Absolute 52By Capt. Richard Thiel
Absolute is turning heads in Europe. Can it do the same in America?
If you’re a boatbuilder who’s bent on competing in the United States, you better have two things: a lot of boatbuilding experience and a good idea of what Americans like and what they don’t. America’s financial landscape is littered with the bones of companies who entered what is generally considered the most lucrative boat market in the world without one or both of these assets. Yanks are famously tough customers.
And I’ll bet a lot of you “tough customers” are looking at the boat on these pages and asking yourself, who the heck is Absolute? Such skepticism is well-founded; for even if a boat is beautiful, well designed, and properly built, no one wants to buy it if the builder might not be around in a year or two.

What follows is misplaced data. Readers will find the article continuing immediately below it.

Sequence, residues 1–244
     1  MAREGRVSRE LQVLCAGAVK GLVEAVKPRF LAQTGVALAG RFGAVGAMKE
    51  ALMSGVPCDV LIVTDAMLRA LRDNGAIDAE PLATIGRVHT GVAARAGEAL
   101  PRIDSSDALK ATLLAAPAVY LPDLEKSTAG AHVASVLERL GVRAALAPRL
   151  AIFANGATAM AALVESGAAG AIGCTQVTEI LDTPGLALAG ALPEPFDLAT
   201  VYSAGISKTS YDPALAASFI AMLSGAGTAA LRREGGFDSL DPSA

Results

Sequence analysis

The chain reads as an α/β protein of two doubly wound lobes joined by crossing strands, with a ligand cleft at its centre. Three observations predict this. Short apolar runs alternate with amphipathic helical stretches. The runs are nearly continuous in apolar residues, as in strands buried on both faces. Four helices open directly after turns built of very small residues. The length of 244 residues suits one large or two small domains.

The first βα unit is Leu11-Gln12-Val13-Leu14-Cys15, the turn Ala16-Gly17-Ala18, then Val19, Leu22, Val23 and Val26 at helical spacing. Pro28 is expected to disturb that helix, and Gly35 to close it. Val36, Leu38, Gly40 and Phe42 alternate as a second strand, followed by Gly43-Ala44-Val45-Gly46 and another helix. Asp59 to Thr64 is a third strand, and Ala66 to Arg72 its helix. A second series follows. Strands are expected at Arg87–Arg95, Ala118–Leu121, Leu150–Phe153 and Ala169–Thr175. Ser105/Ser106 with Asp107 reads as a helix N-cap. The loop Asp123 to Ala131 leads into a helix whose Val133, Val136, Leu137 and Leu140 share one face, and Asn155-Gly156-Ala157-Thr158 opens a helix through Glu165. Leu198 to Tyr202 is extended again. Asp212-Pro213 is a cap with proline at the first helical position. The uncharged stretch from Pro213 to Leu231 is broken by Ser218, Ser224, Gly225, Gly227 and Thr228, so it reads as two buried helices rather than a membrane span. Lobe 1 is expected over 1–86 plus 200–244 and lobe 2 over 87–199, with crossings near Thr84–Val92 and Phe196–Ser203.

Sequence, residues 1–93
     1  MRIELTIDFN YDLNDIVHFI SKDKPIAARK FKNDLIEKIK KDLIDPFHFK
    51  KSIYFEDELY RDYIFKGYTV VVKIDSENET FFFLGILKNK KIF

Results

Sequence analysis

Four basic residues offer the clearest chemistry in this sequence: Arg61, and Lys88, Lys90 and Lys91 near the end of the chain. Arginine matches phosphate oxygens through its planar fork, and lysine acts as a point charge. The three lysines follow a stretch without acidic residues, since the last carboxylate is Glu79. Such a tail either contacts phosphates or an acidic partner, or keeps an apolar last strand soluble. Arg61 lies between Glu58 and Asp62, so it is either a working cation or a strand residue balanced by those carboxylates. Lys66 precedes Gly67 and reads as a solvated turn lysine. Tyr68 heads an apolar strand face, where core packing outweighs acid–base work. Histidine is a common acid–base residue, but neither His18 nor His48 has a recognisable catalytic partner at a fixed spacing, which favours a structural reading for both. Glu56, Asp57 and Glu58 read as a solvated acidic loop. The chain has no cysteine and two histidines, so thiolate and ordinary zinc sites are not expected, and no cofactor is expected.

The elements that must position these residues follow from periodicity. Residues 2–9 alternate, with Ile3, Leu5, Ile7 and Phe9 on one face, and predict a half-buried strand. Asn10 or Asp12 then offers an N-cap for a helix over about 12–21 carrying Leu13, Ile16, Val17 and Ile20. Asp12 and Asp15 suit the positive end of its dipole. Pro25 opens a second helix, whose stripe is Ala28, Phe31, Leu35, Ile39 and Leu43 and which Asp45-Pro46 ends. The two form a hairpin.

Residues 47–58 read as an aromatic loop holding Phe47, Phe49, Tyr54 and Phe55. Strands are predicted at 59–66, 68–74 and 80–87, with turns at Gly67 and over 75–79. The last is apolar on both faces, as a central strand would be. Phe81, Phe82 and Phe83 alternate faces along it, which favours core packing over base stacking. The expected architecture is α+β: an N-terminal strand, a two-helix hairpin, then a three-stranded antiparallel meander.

Of course, no one can predict success or failure—especially in this economy—but one thing is certain: the people behind Absolute have a long and successful history in the boat business. The yard, which is based in the northern Italian town of Casoni, roughly midway between Genoa and Venice, is headed up by the father-daughter team of Angelo and Patrizia Gobbi, president and general manager respectively. If that last name sounds familiar, it’s because they were the eponymous principals in Gobbi Marine, which Angelo started back in 1967 and sold to Azimut in 2001. While Gobbi never made it to these shores, it was a real powerhouse on the Continent. After Angelo sold the company, the pair joined Absolute, which had been started in 2002 by Marcello Be and Sergio Maggi. They quickly assumed control of day-to-day operations and, two years ago, the company moved into a new, ultra-modern boatbuilding facility. Today, Angelo is the driving force behind product development and construction while Patrizia concentrates on the marketing and sales. Both have an encyclopedic knowledge of boatbuilding, including all the latest technologies.